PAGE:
Data from my project the Wikidata Human Gender Indicators has started to be cited in the press (BBC, Bloomberg), which is a large dose of validation. Traffic to the data visualizations increased 500% on the day of the BBC publication to 1,000 views/day, which inspires confidence. Moreover, Wikimedia Foundation’s Grants team—who funded WHGI—praised the project in their year-end report, saying:
Grants for research and tools (such as WHGI) – which minimally contribute to the targets of people or articles – have been extremely valuable in improving our understanding of the gender gap and how or why it manifests.
… Read the rest
In my early software education, I’d been taught about how untested software could result in deadly radiation-therapy machines. But since I never planned to be in the medical devices industry, these sort of warnings didn’t apply to me – after all I was only writing Wikipedia bots. But this week I was proved wrong when another Wikipedian messaged me with a query unlike any I’d received before (empahsis mine):
Hi Max, I’ve pinged you a couple of times, but in case you’re not getting them, would you mind commenting?
It’s about an edit your bot made to Wikidata that changed the infobox of a featured article about a book about the Holocaust, Night.
… Read the rest
Since the beta version of wigi.wmflabs.org, our site dedicated to the biography gender gap on WIkipedia is progressing on the technical side, we decided conducting usability study on to help improve interaction aspects. We conducted a usability study to find out more. It was fantastic to here people say ”this is the tool we’ve been waiting for,” and we also want to address issues that lead people to describe their experience as “burdensome”. Thanks to Masssly for compiling the report. I repost his summary here, and the full report can be read on wikimedia commons:
During the week of November 17 – December 1, 2015, WIGI was tested among participants pulled from the Wikimedia community, loosely described as anyone who edits Wikipedia-the-encyclopedia, or is a potential reader of any of its language versions.… Read the rest
From my presentation at Wikimania 2015, this infographic is a quick overview of what to expect from WIGI. (Click image for big version, or here for SVG version).
The full presentation (click to enter presentation).
Our IEG page, and on github.… Read the rest
WIGI, the Wikipedia Gender Index, my project which looks at the gender representation in Wikipedia Biography articles, has won an Inspire Grant.
Over the last six months along with fellow Wikipedians we prototyped and extended this research into a paper Gender Gap Through Time and Space: A Journey Through Wikipedia Biographies and the ‘WIGI’ Index”. One aspect of the biography gender gap we were not able to observe however was the trend of female and nonbinary biography. We were only ever looking at a single point in time because it’s too computationally complex to compare all the histories of the Wikipedias together at once.… Read the rest
This is a Guest-Blog I wrote for Wikimedia Deutschland: copied here:
German summary: Maximilian Klein benutzt Wikidata als als Datenfundus für statistische Auswertungen über das Wissen der Welt. In seinem Artikel beschreibt er, wie er in Wikidata nach Antworten auf die großen Fragen sucht.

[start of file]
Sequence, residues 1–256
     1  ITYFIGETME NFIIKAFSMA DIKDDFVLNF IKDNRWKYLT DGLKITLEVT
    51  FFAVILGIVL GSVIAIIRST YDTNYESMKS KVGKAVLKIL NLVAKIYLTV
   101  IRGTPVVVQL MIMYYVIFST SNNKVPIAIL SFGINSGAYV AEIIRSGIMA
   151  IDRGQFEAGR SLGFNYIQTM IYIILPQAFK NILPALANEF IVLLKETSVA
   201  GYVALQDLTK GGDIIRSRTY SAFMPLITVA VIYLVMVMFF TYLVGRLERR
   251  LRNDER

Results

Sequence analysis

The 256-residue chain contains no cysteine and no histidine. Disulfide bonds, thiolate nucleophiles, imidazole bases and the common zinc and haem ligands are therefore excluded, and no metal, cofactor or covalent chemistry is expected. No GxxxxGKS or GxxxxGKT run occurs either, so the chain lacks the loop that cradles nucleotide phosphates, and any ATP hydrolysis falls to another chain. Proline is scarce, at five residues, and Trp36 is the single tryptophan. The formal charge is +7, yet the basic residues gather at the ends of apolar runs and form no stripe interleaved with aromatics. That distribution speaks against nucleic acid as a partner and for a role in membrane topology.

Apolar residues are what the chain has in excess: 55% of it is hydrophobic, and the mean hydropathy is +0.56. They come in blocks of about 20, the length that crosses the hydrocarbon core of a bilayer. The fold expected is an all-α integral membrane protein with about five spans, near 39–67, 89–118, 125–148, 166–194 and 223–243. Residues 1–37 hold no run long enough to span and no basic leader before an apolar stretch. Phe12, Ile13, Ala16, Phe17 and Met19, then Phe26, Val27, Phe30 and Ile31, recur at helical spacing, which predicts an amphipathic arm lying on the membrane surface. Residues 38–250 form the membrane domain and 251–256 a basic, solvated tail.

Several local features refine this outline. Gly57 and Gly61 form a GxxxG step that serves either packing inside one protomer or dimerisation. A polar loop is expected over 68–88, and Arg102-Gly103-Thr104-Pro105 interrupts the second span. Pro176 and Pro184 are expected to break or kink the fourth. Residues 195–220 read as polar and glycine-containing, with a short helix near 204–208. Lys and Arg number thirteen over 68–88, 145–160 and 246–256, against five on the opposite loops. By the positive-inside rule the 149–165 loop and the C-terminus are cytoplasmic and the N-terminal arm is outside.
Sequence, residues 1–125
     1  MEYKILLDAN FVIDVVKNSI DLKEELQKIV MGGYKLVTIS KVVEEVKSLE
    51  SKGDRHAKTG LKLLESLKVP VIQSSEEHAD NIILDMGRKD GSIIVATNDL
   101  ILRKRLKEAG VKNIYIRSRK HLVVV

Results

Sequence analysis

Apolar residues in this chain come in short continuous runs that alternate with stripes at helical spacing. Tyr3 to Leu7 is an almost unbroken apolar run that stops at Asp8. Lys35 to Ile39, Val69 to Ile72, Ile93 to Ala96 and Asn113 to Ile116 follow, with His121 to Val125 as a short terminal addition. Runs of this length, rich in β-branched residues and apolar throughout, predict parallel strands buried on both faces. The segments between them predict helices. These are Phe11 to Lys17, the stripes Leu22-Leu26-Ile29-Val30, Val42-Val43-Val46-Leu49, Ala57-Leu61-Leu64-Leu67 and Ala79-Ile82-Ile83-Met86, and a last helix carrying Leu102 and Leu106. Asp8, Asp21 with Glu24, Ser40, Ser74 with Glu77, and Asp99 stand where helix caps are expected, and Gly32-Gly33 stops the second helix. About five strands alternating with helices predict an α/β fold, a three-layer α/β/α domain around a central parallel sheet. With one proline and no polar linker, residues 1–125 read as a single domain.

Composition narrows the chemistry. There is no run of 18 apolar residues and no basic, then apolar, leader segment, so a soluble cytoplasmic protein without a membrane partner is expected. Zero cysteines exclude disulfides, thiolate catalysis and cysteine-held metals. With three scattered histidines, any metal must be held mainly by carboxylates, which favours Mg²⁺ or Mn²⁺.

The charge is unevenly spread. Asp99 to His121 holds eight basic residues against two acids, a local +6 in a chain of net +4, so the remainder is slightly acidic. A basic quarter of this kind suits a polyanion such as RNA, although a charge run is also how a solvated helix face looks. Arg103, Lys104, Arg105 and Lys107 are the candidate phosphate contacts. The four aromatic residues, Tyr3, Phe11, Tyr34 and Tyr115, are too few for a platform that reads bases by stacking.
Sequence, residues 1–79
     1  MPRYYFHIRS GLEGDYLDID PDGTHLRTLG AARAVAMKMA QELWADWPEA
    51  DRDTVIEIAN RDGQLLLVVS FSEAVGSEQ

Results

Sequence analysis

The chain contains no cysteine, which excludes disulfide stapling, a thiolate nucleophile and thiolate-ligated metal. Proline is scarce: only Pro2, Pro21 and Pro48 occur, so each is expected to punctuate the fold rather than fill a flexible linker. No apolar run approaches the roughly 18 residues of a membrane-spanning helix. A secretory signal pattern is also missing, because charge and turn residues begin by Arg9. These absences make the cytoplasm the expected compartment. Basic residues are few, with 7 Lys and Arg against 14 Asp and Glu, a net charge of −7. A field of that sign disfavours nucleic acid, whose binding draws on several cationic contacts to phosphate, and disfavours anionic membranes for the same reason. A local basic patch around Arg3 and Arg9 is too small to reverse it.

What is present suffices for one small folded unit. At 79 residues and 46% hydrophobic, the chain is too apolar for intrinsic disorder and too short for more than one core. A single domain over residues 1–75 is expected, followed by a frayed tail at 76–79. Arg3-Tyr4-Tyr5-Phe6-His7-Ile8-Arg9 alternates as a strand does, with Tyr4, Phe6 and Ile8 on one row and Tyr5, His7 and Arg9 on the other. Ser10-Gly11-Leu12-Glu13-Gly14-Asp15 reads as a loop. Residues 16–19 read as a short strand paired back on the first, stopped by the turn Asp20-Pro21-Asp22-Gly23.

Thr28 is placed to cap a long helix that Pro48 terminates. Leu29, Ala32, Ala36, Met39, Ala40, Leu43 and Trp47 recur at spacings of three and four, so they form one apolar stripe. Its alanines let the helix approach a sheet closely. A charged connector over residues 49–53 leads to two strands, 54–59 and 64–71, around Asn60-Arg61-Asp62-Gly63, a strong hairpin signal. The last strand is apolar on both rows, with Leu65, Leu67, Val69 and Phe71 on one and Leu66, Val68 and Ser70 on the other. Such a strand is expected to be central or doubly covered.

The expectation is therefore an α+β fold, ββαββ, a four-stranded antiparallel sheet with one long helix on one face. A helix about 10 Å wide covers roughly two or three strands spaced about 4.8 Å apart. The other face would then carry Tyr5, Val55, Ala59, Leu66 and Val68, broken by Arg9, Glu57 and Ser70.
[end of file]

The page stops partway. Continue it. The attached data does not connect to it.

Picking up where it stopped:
Asking Ever Bigger Questions with Wikidata
Guest post by Maximilian Klein
A New Era
Simultaneous discovery can sometimes be considered an indication for a paradigm shift in knowledge, and last month Magnus Manske and I seemed to have both had a very similar idea at the same time. Our ideas were to look at gender statistics in Wikidata and to slice them up by date of birth, citizenship, and langauge.… Read the rest
Best viewed in the IPython notebook viewer.
Updated on December 29 2014 to include an explanation by Arnas Lucasen.… Read the rest
In what could easily be a recurring annual trip,Matt Senate, and I came to Berlin this week to participate in Open Knowledge Festival. We spoke at the csv,conf a fringe event in its first year, ostensibly about the comma separated values, but more so about unusual data hacking. On behalf of WikiProject Open Access – Signalling OA-ness team, we generalized our experience in data-munging with Wikimedia projects for the new user. We were asked to make the talk more story-oriented than technical; and since we were in Germany, we decided to use that famous narrative of Häskell and Grepl.… Read the rest
Wikiconference USA 2014, in New York, just finished, and more than usual this conference instilled in me a lot of motivating social energy. Yes, I did present there, twice, on “Answering Big Questions With Wikidata“, and “Signalling Open Access References,” but more so than usual I enjoyed attending other presentations. On reflecting why that was, I came to realize it was the earnest authentic effort of other Wikimedians, that shone so brightly. These are some of the more inspiring characters from the conference, but by no means a complete list.
Sumana gave the opening keynote wherein she talked about implicit versus explicit exclusion.… Read the rest
It may seem like a small piece of work, but I wanted to commemorate this moment – my first poster. I never had the need to manufacture one. Today I presented it at NetSci (Network Science) 2014, and received many useful comments on the research. We found a few other that are, like ourselves, translating the ‘method of reflections’ into new domains. The paper related to this poster is in review, but you can also access a preprint files on github.
On the art side I’d like to thank unluckylion, for encouraging me to make a bold statement. I think it paid off, and I’m only mildly guilty about the blatant copyvio of the Wikipedia logo.… Read the rest